Select Page

My story begins 8 years ago. For the longest time I have worked with and been surrounded by children, as an au pair both in London and in Johannesburg. They have always been like tiny friends to me, and I’ve thought for the longest time that with all this “training” I will be the most natural mother.

2010 was the year I returned from England.  I had experienced very unpleasant cycles up till then- once I bled for 5 months straight. I knew I could never use any oral or injectable contraceptive as they all left me experiencing debilitating migraines. So there was no pill or injection option for me.
Before we got married, I didn’t want children outside of marriage. Of course there were times we thought I may be pregnant and panic generally ensued, what with a preacher father and a strict christian upbringing, this would have been a fate I felt ill equipped to have to deal with. Little did i realise the Late period every month was simply due to extremely long cycles, among a myriad of other problems.
Fast forward to 2018 and there’s not much I wouldn’t do for an “accidental pregnancy” now. With literally every second person I know falling pregnant around me for the last couple of years, I’ve had to develop an extremely thick skin and just get on with life.
2015 saw a drastic jump from subtle realisations that we weren’t falling pregnant, to scheduling visits with a fertility specialist. To this day my doctor is the only one i trust with my fertility issues. I distinctly remember leaving his office after the first day, full of optimism for all the remedies, potions, ops and timing he suggested. I felt a desperate sense of hope. But despite the timing, scheduled visits, countless blood tests, a variety of medicines, many chats and way too much money spent, we still came out of 2015 childless.
2016 was laparoscopy time. Countless women suffer with PCOS and endometriosis, I am no different- add to that an “inhospitable womb” irregular cycles where sometimes I simply don’t ovulate and poor egg quality when I do. Poor counts on hubby’s part were easily remedied with specific meds and to this day I blame myself for us being a barren couple. We also visited Steve Biko academic hospital as we had heard the IVF is more affordable at government hospitals. But with my husbands goods having vastly improved, IVF was put off the table, with them telling us we needed to do 3 cycles of IUI first. This frustrated me, as I know the chances are so much lower. We would also now have to delay the very procedure we had hoped to have. The laparoscopy proved my tubes are clear, but no results were achieved.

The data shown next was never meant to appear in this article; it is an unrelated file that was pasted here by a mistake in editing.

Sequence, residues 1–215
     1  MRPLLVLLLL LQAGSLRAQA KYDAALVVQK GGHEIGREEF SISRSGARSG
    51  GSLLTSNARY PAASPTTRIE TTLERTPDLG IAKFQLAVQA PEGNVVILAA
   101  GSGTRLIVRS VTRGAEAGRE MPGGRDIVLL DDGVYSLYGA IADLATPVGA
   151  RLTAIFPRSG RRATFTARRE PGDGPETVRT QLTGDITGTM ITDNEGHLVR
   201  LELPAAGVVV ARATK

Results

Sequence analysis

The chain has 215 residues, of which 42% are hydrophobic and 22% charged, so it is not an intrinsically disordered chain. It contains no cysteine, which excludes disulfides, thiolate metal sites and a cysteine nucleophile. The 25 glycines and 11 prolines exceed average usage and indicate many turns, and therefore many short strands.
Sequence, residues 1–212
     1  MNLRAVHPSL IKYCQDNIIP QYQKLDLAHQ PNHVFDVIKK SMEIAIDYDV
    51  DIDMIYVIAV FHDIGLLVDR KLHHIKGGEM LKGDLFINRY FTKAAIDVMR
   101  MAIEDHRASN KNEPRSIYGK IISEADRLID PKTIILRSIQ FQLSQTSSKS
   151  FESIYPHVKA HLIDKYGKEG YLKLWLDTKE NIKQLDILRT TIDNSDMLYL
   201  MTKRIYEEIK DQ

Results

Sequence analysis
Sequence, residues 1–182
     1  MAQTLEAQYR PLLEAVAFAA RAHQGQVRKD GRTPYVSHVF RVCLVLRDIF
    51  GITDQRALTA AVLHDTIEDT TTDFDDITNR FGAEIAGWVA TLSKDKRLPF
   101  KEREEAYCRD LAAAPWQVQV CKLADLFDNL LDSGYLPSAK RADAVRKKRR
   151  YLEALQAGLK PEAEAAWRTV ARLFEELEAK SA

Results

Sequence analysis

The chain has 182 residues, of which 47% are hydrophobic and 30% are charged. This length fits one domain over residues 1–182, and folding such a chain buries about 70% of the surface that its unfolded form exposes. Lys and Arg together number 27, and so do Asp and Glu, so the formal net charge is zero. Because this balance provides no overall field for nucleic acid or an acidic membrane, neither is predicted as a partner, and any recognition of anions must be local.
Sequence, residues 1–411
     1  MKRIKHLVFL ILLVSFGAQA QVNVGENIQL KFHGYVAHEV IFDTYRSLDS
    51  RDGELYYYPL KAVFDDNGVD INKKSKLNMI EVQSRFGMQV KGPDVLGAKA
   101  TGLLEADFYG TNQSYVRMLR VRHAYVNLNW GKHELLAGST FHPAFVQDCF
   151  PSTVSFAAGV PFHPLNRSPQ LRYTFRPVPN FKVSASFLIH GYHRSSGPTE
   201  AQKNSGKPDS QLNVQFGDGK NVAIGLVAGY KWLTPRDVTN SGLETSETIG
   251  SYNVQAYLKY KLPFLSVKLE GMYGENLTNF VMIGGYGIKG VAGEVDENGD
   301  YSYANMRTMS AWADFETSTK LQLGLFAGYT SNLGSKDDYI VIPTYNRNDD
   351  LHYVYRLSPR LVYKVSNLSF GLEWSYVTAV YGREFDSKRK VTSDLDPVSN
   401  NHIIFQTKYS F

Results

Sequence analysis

2017 brought three medicated cycles of IUI, one of which we could not proceed with because despite the administered injections meant to put me in a state of hyper-ovulation, my eggs the one month were simply too small. So two cycles actually took place, but failed. It was a very draining year in many senses and fertility stresses were moved out of mind.
We now hope to go to cape town to do ICSI (intra-cytoplasmic sperm injection) at Tygerberg hospital. It’s more advanced than IVF and the chances are slightly better. Our case needs to be assessed and they will ascertain if we are a worthwhile case to take on.
Surrogacies and egg donations have cropped up in conversation but never been explored. Deep down, I want to carry my own child- but if in 5 years time that has not happened, I’m aware of the world of options out there.
The heartache is sometimes dulled, however it’s always there. But I’ve learnt that seeing a mother carrying a newborn, or an expecting mommy- I cant judge or be jealous. No one carries a sign with a list of problems they had getting to where they are now, a roadmap of potential sorrow along the way. For a lot of women, pregnancy just happens. For the silent hundreds, those who fear to speak, who are embarrassed to be heard, pregnancy is a far off pipe dream.
In my quest for solace for myself, and to attempt to help others climb out of this dark cave, I started my blog Fertility Matters. I post there sporadically, I don’t force it- but when I do post I have questions, emails and comments thanking me. We, who face this journey with no foreseeable light at the end of the tunnel, are braver than we give ourselves credit for.
So I pray for a year of further bravery, courage, kindness, empathy, miracles, compassion, strength, boldness and above all faith. Without that, I’d have given up long ago.